I'm not a big Roland fan but even they have a pretty acceptable synth in the QS range. The keybed is probably nowhere as nice and compared to Yamaha's S09 the QS8 holds up much better, but that's hardware, not synthesis. I wouldn't have minded a QS6.1 as a controller. The six sliders are nice and there are useful sounds. So if I've made it sound like I despise the synth, I don't but on the totem pole of synths to try and emulate the QS would be right at the bottom in my book.
I love the EMU Xtreme Lead. It's the only sample based synth that reminds me of a virtual analog synth, that and Rob's Techno Workshop ROM from Orbit 3. But even the EMU would be low on my list and quite honestly I've grown to love my PK-6 (Proteus keyboard with 3 additional 32 mb ROMs. The XL2 ROM is the Xtreme Lead with an extra preset bank from the XL-7 work station. If I wanted the EMU sound I'd get the Emulator X in a heartbeat. For the QS-8's price you can get a very good controller, hammer action if you must, and a couple of worthwhile VST instruments, or the Keybed of the QS6.2 in the Fatar series controllers and several VST instruments.
Sorry guys, try a sale priced EMU board at $399 and tell me you would get a QS, let alone prefer it's sample and synthesis engine.
Prog, you have the Sonic Reality stuff. Could you imagine going back to the QS after working with those samples? I really disliked Sampletank 1 and was verbal but Sampletank 2 is a serious synth for those that want to manipulate samples, and it can import libraries too which makes it very attractive. I'm using ST2 XL and it makes most sample playback synths sound pathetic plus it's easy on the CPU. I've heard Kompakt is easy on the CPU as well and there are a ton of good sample libraries that use that format.
Sorry about this rave, it's not like me, but if we are going to see a S + S remake how about the SY99? The JD800. Waiting a few weeks and getting Xphraze with the new samples. Lots of people like Wavestations. Now imagine one that has good samples and synthesis qualities that not only beat the Wavestation but beat a lot of synths flat out for sound quality and programming innovation. $200 for the Xphrase and you'll be able to ge a bunch of new sounds.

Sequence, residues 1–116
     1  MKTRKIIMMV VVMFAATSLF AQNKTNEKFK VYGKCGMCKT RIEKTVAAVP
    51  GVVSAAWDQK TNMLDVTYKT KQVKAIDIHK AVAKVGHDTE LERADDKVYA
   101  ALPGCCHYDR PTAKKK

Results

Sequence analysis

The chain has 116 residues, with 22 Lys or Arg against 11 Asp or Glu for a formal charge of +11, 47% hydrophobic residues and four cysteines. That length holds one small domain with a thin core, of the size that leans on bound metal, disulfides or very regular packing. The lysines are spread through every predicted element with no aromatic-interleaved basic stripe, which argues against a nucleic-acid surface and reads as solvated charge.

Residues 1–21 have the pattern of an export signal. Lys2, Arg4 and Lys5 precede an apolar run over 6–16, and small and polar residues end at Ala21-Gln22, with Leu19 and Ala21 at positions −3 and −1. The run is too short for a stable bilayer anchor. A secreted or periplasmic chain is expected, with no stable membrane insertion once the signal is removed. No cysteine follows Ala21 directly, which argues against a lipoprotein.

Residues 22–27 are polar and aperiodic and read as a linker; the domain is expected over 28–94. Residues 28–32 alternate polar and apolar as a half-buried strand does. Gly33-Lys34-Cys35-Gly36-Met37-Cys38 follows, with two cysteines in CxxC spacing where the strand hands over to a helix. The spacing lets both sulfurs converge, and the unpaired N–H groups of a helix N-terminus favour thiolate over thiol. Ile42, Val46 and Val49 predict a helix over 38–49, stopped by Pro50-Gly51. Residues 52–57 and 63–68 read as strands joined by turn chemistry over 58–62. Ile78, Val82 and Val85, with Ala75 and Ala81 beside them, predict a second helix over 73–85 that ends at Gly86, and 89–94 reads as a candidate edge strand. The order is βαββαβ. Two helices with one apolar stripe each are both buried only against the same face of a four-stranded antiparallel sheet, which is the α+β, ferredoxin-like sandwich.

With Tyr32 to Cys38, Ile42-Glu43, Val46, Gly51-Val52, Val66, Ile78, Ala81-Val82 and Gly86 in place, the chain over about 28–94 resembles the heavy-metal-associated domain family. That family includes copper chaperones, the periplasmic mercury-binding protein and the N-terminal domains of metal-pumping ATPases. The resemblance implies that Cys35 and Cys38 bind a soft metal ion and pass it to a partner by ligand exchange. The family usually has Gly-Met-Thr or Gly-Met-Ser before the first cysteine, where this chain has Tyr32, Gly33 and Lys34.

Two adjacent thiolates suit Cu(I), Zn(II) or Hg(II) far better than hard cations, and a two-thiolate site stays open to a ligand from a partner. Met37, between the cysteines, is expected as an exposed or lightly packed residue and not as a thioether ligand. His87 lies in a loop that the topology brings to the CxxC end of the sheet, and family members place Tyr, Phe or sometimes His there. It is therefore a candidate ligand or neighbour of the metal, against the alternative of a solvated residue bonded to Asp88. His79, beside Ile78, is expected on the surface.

I hope I'm getting through. Buy Absynth 2, Cameleon, CUBE, mix it with TERA 2, Albino, z3ta, Pentagon, cheat a bit and get CronoX instead of the big sample manglers that can play back samples and you're still ahead. CronoX is $69? Buy some of the new Kontakt or ST2 sample libraries, anyone want to go Garritan against Alesis Orchestral?
Ok, I'll stop but come on folks. There are samplers for under $100 and great libraries for around $200. Do the math. Buy some extra memory and a faster processor and a good sample library with Kontakt or ST2 technology added. You'll only be missing the keyboard and those are getting to be a dime a dozen.
Posted: 3rd April 2004 14:45
Hi X_Bruce. Nice post
I only use my Qs6.1 as a controller. I like it a lot for this purpose. It is a solid keyboard. Just like you said, it has sliders. It is made of steel, not the plastic crap that the .2 series is made of. I like the feel of the keys, although they are not weighted.
But ya, you are right. I have made one song with the Qs6.1 built in sounds.. just one.. I got it thinking I would use it a lot but then went computer based and never looked back. I now use it to control Sampletank2 XL with Sonic Synth and..hrmmm..ya, I prefer those sounds